Urban areas are continuously “under construction”. Governments, companies and private entities are investing in urban areas; for example, the management of park spaces, maintenance of infrastructure, and redevelopment of houses. For implementation of adaptation, these developments are important opportunities. Implementation of adaptation is about using regular processes of management, maintenance and redevelopment.

The following elements are important for establishing spatial adaptation:

  • Maintenance
    Adaptation measures can reduce future maintenance costs. Unsustainable locations for urban developments, such as areas with high rates of soil subsidence, may result in reoccurring damage from collapsing drainage pipes and damage to buildings and infrastructures. Spatial adaptation can reduce such future damage.
  • Area development
    Solutions can often be found outside the individual management and ownership situation. For instance, in Delft an example demonstrates how a collectively owned garden can function as a water storage facility for extreme rainfall events. Small scale collaborations can help to combine maintenance budgets. This can help to create initiatives such as water squares (q.v. the example of  Rotterdam)
  • Tendering
    Integrated contracts are increasingly popular. Integrated contracts make sure that different project phases become the responsibility of one party. A well known example is the DBFM(O) contract: Design, Build, Finance, Maintain, (Operate). If such a contract is tendered for a period of 30 years, the tenderer accepts the risk of future climate related damages. This may stimulate adaptation measures. This way of tendering can be applied at different moments of the tendering procedures.
  • Stimulating private parties
    Many parties are unfamiliar with concepts such as spatial adaptation and water-robust (re)development. Raising awareness is important and may inspire private actors to take adaptation into account. Tools like the Urban Blue Green Grids tool and the Guide may help to make better informed choices with regard to avoided damages and reduced maintenance costs.


Climate-proof and water-resilient planning is a substantial part of long-term investment, management and maintenance programmes. Objectives and challenges are translated into concrete actions that are taken into account during the regular planning of work. Timing, actions and budgets are tuned according to the urgency of adaptation, and are flexible to take uncertainties into account. There is an awareness of a life cycle approach (possibly facilitated through inherent contracts). This results in a coherent collection of measures that lead to direct cost-reduction, reducing costs due to damage and future maintenance.


  • An example of adjustment of a housing block in a neighbourhood with a large amount of hardened surface area is Jan's Garden.
  • Various consultancies produce tools for Life Cycle Costing (pdf, 681 kB) , giving insight into the relation between replacement and maintenance investments.  The tools clarify how high initial investments outweigh the risks of high damage and maintenance costs in the long term.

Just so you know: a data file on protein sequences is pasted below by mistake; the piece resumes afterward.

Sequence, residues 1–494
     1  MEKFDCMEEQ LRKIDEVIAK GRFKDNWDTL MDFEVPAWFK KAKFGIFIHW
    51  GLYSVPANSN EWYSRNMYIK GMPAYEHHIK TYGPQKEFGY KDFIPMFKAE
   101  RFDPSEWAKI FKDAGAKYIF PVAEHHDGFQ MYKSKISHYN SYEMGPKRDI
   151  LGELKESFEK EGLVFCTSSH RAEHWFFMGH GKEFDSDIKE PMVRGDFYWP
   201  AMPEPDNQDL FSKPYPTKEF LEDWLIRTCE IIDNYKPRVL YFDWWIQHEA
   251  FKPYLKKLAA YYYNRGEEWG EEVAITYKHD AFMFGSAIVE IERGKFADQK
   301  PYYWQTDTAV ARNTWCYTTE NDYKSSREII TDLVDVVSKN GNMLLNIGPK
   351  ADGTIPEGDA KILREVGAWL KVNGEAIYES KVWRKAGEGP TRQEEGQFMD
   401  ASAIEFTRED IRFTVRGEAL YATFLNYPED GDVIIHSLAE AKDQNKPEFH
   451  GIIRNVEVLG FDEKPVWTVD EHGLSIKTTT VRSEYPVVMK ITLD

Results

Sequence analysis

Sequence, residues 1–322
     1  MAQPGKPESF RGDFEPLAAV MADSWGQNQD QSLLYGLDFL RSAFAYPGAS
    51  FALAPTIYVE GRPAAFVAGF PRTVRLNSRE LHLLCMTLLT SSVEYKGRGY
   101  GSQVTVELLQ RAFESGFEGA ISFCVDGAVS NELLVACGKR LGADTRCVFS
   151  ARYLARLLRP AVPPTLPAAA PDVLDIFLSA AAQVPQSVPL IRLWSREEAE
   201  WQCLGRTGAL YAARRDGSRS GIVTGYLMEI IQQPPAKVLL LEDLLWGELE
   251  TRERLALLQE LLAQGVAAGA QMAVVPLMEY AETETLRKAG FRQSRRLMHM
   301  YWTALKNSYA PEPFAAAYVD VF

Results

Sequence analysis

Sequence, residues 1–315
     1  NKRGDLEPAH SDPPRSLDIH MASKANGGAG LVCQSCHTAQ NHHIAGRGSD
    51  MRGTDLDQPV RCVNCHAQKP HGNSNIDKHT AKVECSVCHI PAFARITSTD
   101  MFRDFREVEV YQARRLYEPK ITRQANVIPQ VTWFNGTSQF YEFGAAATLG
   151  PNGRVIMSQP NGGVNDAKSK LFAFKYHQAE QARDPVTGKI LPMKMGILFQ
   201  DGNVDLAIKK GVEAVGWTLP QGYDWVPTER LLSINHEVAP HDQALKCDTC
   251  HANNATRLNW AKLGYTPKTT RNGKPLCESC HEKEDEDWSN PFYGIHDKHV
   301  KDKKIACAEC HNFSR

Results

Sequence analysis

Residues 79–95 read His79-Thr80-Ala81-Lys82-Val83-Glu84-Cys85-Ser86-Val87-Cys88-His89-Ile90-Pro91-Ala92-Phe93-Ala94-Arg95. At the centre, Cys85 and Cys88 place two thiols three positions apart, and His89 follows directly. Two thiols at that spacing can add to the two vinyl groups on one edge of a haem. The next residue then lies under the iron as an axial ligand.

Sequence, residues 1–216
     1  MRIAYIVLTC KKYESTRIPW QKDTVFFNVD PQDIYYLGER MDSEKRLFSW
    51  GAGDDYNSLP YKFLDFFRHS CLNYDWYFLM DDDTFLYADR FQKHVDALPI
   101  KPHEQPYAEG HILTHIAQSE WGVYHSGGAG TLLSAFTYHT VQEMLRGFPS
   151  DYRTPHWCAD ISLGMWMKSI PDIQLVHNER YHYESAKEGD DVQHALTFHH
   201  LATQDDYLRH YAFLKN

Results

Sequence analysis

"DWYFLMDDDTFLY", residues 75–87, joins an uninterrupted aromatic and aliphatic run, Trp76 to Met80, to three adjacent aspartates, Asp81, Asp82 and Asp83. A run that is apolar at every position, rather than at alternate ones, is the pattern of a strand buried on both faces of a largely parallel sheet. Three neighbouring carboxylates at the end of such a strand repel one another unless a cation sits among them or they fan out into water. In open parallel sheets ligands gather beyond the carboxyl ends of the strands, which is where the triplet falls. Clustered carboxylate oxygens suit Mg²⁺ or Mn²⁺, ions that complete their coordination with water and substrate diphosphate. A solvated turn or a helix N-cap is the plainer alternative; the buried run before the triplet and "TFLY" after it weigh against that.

• School playgrounds in the region of Haaglanden have been (re)developed with more green structures, with the help of the subsidy programme called Green playgronds. The goal was to allow children to grow up in a greener environment. This had a positive side effect for a climate-proof city. The playgrounds, which originally consisted of hardened surfaces, now contribute to infiltrating and retaining water. They also function as cooling islands during periods of heat, and work as stepping-stones for biodiversity. It is a good example of how initiatives on (semi)private terrain can be stimulated by lining up with other initiatives to climate-proof an area.
  • The Intratuin  garden centre in the city of Zwolle is being developed in a green way. A green design was drawn up, together with governmental institutes, which is beneficial for climate proofing and for the image of Intratuin.
  • The spatial plans for the “Kraanbolwerk” urban area in the city of Zwolle, located outside the dyke, are presented in an inspiratieboek, compiled by the municipality for project developers. The book contains many possible measures for climate-proof and water-resilient planning that can also be implemented elsewhere.
  • Management of the public space in the EVA Lanxmeer neighbourhood in the city of Culemborghas been transferred to the residents. The municipality only has a monitoring role. The residents maintain a greener and more diverse public space with 10 percent less budget than is usually spent on the maintenance of public space.
  • In the city of Nijmegen, the Lindenholt neighbourhood maintains its public space through a Design, Build, Finance and Maintain (DBFM) contract.

  • The DBFM contracts are used by Rijkswaterstaat (the executive arm of the Ministry of Infrastructure and the Environment) for spatial quality, and can be used as a method to secure spatial adaptation. In this contract the client describes its (long term) ambition in an Ambition document. The registering parties translate this Ambition document into “reference solutions”. A group of experts assesses the solutions during the dialogue phase, after which the contracted party can make a final offer. The “reference solutions” form the basis for the monitoring of the design, implementation, management and maintenance after contracting.

  • More detailed information and experiences on contracts and procurements in the infrastructure sector can be found at CROW. RIONED offers information on procurements in the sewage sector.


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